Daniel Goleman’s book was virtually the first source of popular science literature in this area. His book contains significant amounts of scientific evidence available at that time concerning the importance of develop emotional intelligence. Now the book is over 20 years old, but it is still relevant and worth reading in order to gain fundamental knowledge about how emotions affect us and our lives, and what we can do with them.

Anatomy of Emotions

One of the most popular themes in science fiction works often envisages that people will someday become enslaved by artificial intelligence. At first glance, it seems that this is possible: after all, a computer is already "smarter" than a human and can perform highly technical operations in a fraction of a second, a speed that is unattainable to the human brain. However everything is not so clear-cut. Scientists have succeeded in proving that almost all people make all their decisions not on an intellectual, but rather on an emotional level.

Once in the US state of Louisiana, a terrible tragedy occurred: a railway bridge collapsed under a train and the cars, filled with passengers, crashed into the river. The parents of wheelchair-bound 11-year-old Anna Chauncey managed to push their daughter out of the sinking car at the last second, as a result of which she escaped. However, they were not so lucky. This act of parental selflessness needs no explanation from a human point of view, but what is it dictated by, if not emotions? After all, the logical question becomes, is the life of one disabled person more valuable than the life of two able-bodied people.

However, this topic is not only relevant in the personal realm, but also very much so in the professional sphere. An analysis of the neural connections of the brain and the sequences in which they begin to act shows us that any decision has an emotional tint. But very often, especially when it comes to work, we are not aware of the emotional component and believe that we are acting purely rationally.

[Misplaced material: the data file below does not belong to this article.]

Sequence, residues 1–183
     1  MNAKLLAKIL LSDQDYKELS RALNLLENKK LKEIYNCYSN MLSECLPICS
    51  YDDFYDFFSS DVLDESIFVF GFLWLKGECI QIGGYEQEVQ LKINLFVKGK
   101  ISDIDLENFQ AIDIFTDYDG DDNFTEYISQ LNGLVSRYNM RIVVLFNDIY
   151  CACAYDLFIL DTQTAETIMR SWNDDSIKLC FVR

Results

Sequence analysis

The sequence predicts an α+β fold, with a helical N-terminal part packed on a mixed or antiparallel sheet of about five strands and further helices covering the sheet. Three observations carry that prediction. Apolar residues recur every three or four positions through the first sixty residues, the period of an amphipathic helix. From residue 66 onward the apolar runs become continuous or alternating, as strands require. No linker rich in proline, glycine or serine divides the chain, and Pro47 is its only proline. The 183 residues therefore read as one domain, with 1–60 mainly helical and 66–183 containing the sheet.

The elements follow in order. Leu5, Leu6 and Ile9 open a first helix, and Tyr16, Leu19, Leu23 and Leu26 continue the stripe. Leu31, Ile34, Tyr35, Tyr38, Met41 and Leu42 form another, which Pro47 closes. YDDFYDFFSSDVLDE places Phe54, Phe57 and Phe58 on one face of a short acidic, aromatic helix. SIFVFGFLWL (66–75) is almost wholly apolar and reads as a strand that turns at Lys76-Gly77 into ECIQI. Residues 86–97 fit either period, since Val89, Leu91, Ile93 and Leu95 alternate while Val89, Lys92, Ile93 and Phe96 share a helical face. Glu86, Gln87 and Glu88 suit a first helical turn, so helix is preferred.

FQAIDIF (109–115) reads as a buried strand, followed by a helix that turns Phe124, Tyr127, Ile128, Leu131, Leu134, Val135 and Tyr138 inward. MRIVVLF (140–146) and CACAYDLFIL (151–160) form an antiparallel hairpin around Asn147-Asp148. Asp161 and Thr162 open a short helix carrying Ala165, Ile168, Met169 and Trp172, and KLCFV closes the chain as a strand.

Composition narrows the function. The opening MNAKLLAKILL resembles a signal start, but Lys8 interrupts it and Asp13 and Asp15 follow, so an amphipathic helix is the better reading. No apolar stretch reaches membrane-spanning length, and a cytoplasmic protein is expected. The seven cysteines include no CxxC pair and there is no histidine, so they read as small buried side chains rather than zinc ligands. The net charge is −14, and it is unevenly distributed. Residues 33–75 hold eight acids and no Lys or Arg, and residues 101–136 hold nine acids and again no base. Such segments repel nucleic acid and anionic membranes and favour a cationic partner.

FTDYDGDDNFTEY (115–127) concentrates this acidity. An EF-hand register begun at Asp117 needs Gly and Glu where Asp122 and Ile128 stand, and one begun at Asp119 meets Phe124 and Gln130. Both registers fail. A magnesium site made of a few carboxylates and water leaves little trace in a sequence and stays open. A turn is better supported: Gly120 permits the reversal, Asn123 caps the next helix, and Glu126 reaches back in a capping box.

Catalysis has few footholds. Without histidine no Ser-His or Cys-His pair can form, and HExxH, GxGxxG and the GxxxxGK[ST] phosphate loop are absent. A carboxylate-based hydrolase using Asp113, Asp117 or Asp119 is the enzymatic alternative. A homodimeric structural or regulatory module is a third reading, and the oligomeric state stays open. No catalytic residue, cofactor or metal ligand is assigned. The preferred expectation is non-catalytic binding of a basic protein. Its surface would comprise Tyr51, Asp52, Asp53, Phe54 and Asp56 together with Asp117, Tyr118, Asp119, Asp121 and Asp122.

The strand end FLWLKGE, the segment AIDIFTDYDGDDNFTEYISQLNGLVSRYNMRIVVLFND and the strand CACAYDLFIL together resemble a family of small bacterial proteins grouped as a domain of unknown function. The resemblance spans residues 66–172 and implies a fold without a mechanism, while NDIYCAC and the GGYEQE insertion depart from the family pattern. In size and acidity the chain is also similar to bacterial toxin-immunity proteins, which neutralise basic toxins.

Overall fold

When we sign a contract with a business partner, we activate the same centers in our brain as if we are choosing a restaurant for our first date.

All our lives, albeit unconsciously, we are guided by emotions. That is why it is so important to study them and understand how to manage them.

For those who are skeptical it will be useful for them to conduct the following experiment: imagine two people, one of whom is completely devoid of emotional intelligence, but at the same time has a very high intelligence quotient (IQ), and a person who has no analytical skills, but who has a feel for others, has a high level of empathy and is able to establish interpersonal relationships. Which of them will succeed in life? The answer is obvious: a human-robot, no matter how highly intelligent it may be, can never become an effective leader or a good partner. But an emotionally gifted person will always be able to establish contact with and organize others, even those who are more intellectually developed, while understanding the feelings of his or her partner.

The amygdaloid body, or amygdala, the area of the brain located in the temporal lobe of the hemisphere, is responsible for the emergence of emotions. Humans have two amygdalae, one in each hemisphere.